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New BRCA1 variant found to be associated with familial breast/ovarian cancer

Researchers from NIHR Manchester Biomedical Research Centre have identified a new mechanism which switches off a gene in families affected by breast and ovarian cancer.

New BRCA1 variant found to be associated with familial breast/ovarian cancer

Full title

A dominantly inherited 5′ UTR variant causing methylation-associated silencing of BRCA1 as a cause of breast and ovarian cancer.

 

Journal

American Journal of Human Genetics 

 

Authors

Elke M. van Veen, D. Gareth R. Evans, Helen J. Byers, Andrew J. Wallace, Jamie M. Ellingford, Glenda Beaman, Javier Santoyo-Lopez, Timothy J. Aitman, Diana M. Eccles, Fiona I. Lalloo, Miriam J. Smith, William G. Newman

 

Researchers from NIHR Manchester Biomedical Research Centre have identified a new mechanism which switches off a gene in families affected by breast and ovarian cancer.

Researchers at The University of Manchester have found a new genetic change that results in familial breast and ovarian cancer.

Currently, cancer-causing variations in BRCA1 or BRCA2 are identified in around one of five families with multiple women with early-onset breast and ovarian cancer. Angelina Jolie was found to carry a variant in the BRCA1 gene associated with her own increased family risk.

However, for many women, the cause of breast and ovarian cancer in their families remains unknown. In this study, the researchers screened families with a high chance of having a genetic cause for their cancer. They looked in the regions around the BRCA1 gene to see if there were any possible changes that could explain the diagnosis.

This is the first research to identify a variant just before the start of BRCA1 to cause breast and ovarian cancer in two families. This variant is seen together with another modification that switches off the gene from working. This is called an 'epigenetic silencing' mechanism and has never been seen before in patients with inherited breast cancer.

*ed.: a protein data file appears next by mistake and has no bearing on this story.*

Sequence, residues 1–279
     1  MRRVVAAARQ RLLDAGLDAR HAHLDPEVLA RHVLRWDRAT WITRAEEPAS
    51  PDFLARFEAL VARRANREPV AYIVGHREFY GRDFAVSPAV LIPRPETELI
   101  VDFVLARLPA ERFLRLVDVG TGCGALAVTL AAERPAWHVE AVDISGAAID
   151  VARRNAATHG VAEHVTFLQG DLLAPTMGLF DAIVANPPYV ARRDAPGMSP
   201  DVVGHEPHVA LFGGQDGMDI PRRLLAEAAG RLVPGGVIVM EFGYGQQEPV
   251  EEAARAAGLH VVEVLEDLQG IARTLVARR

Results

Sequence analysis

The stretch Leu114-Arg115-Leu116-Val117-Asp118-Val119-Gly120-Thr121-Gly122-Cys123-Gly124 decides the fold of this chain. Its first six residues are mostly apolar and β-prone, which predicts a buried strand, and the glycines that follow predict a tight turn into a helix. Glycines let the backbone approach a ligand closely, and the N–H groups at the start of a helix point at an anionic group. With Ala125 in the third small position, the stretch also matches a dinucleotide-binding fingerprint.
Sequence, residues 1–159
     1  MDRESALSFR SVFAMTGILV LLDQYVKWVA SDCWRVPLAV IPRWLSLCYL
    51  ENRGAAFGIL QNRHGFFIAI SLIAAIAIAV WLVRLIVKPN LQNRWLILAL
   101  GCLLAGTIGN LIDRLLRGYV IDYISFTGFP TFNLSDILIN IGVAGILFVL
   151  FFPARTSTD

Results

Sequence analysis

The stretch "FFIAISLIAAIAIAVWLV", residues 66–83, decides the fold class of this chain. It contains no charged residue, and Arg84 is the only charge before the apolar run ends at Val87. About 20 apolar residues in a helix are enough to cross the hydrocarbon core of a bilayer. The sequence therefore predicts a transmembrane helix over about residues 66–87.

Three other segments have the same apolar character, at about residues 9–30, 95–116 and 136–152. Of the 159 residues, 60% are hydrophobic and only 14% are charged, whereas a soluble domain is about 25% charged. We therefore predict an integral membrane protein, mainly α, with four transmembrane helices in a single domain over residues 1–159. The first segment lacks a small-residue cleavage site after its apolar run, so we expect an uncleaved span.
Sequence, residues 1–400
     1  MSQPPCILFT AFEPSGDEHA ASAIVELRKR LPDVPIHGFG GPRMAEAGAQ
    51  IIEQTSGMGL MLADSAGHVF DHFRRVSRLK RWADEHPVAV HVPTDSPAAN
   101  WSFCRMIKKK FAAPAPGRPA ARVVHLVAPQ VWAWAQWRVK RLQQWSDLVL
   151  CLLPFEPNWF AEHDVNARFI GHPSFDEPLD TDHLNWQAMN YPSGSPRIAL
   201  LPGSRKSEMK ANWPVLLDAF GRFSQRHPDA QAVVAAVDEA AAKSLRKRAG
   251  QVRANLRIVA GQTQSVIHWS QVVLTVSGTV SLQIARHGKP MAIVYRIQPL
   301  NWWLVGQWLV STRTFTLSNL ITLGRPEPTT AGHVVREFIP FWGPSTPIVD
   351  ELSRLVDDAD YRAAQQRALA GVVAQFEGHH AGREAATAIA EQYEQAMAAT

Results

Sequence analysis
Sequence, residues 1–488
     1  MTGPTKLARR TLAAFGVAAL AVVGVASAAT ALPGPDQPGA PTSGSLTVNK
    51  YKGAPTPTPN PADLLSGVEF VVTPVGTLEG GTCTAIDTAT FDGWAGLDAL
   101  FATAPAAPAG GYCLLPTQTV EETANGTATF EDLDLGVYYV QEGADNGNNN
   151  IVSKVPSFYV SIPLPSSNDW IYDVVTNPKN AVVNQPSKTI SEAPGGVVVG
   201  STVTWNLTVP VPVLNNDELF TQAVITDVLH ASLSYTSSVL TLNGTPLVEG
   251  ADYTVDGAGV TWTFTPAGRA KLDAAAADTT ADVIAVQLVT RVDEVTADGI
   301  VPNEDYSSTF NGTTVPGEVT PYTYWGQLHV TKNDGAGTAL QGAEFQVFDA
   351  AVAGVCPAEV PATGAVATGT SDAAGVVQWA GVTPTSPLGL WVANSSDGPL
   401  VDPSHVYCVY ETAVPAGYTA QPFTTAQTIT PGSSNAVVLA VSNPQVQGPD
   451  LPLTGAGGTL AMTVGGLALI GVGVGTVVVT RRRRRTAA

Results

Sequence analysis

Although this might be a rare mechanism, it may be the explanation for some families with early-onset breast and ovarian cancer.

Key facts

  • Genetic changes can be inherited from generation to generation and increase the risk of breast cancer and other disorders.
  • Sometimes changes outside the gene can switch a gene off and stop it from working. This on-off switch (called the promoter) has been turned off in these families and passed from generation to generation.
  • Tests for BRCA1 and BRCA2 should include testing of the upstream region of at least 120 nucleotides before the start of the gene.
  • Families that look very typical for a BRCA1 family with triple negative breast cancer or high grade serous ovarian cancer that have previously tested negative should be tested for the variant and promotor methylation (epigenetic silencing).
  • This is the first time this mechanism called an epigenetic change has been shown for women with inherited breast cancer. This mechanism may be important for other types of inherited cancer.

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Footnotes

Funding: Prevent Breast Cancer; Manchester NIHR Biomedical Research Centre.